ST. LOUIS (Reuters) – Missouri health officials refused to renew the license of the state’s only abortion clinic on Friday, but the clinic will remain open for now as a judge left in place an injunction blocking its closure.
FILE PHOTO: Planned Parenthood’s employees look on as anti-abortion rights advocates hold a rally in St. Louis, Missouri, U.S., June 4, 2019. REUTERS/Lawrence Bryant
At a brief circuit court hearing on Friday, Judge Michael Stelzer said it might be days before the court would come to a decision on whether the state could shut down its only abortion clinic, which is operated by women’s healthcare and abortion provider Planned Parenthood.
“I think you guys are expecting an order soon. I don’t know that order is going to be today,” Stelzer said during the hearing, which lasted less than five minutes.
If the clinic were to close, Missouri would become the only U.S. state without a legal abortion clinic.
Missouri officials did not immediately respond to a request for comment.
The state is one of 12 to pass laws restricting abortion access this year, some aimed at provoking a U.S. Supreme Court review of the landmark 1973 Roe v. Wade decision that recognized a woman’s right to terminate her pregnancy.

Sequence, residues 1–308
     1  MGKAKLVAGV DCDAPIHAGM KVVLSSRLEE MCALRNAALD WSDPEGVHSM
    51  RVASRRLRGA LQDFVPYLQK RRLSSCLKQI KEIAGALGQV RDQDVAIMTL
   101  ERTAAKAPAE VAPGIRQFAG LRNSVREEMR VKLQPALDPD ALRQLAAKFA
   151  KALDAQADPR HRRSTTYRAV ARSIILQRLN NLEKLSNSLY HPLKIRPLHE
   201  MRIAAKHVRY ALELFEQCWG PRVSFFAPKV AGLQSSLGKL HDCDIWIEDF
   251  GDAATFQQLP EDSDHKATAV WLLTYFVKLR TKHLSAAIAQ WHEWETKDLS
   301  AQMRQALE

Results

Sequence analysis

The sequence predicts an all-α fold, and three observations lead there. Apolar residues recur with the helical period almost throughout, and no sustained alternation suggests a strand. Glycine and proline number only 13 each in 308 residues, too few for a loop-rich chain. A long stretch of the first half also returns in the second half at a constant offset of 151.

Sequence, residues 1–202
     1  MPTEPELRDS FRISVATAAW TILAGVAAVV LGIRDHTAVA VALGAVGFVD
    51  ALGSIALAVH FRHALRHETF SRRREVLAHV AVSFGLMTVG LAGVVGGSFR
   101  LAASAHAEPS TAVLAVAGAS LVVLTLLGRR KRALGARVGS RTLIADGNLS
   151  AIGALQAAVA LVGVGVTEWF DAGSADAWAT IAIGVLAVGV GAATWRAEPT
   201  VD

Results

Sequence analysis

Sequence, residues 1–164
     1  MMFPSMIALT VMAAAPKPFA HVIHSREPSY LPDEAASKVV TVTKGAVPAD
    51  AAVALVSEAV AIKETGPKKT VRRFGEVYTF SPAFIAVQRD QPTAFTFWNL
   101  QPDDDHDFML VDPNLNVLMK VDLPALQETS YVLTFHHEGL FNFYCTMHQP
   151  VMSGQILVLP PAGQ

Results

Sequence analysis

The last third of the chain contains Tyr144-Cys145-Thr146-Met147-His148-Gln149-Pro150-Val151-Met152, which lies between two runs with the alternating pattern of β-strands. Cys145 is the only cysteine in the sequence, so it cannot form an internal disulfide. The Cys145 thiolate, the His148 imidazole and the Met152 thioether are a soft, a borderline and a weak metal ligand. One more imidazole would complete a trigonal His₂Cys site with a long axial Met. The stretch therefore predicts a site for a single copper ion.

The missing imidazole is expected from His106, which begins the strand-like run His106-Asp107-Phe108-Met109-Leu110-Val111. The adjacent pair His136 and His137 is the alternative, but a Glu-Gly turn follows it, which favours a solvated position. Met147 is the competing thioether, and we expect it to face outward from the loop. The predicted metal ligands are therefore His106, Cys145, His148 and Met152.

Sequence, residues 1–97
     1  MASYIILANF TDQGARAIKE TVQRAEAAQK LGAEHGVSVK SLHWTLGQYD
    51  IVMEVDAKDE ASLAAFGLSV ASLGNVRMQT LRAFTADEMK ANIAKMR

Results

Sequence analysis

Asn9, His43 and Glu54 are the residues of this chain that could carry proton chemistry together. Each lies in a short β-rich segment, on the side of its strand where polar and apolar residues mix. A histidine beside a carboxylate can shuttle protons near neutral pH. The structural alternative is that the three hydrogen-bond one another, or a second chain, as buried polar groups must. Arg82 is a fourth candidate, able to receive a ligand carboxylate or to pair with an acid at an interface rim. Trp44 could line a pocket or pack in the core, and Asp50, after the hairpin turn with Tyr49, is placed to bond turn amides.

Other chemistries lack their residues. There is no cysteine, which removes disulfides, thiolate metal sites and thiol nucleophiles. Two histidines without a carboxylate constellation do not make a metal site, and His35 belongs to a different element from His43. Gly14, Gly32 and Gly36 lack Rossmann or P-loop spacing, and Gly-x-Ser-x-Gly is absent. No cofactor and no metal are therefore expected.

Planned Parenthood sued Missouri health officials after they warned they would decline to renew the license of the Reproductive Health Services of Planned Parenthood clinic in St. Louis on the grounds it failed to meet their standards.
Stelzer on June 10 issued a preliminary injunction blocking the clinic’s closure until the state made an official decision on the its license.
Abortion is one of the most divisive issues in the United States, with opponents often citing religious beliefs to call it immoral.
The legal battle in Missouri began after Governor Mike Parson, a Republican, signed a bill on May 24 banning abortion beginning in the eighth week of pregnancy.
Planned Parenthood has vowed to fight to protect abortion access in Missouri and to push back on regulatory standards that the women’s healthcare organization believes put a burden on abortion rights.
Court documents show that Missouri health officials declined to renew the clinic’s license to perform abortions because they were unable to interview seven of its physicians over “potential deficient practices.”
Reporting by Robert Langellier; writing by Gabriella Borter; editing by Scott Malone, Sonya Hepinstall and Jonathan Oatis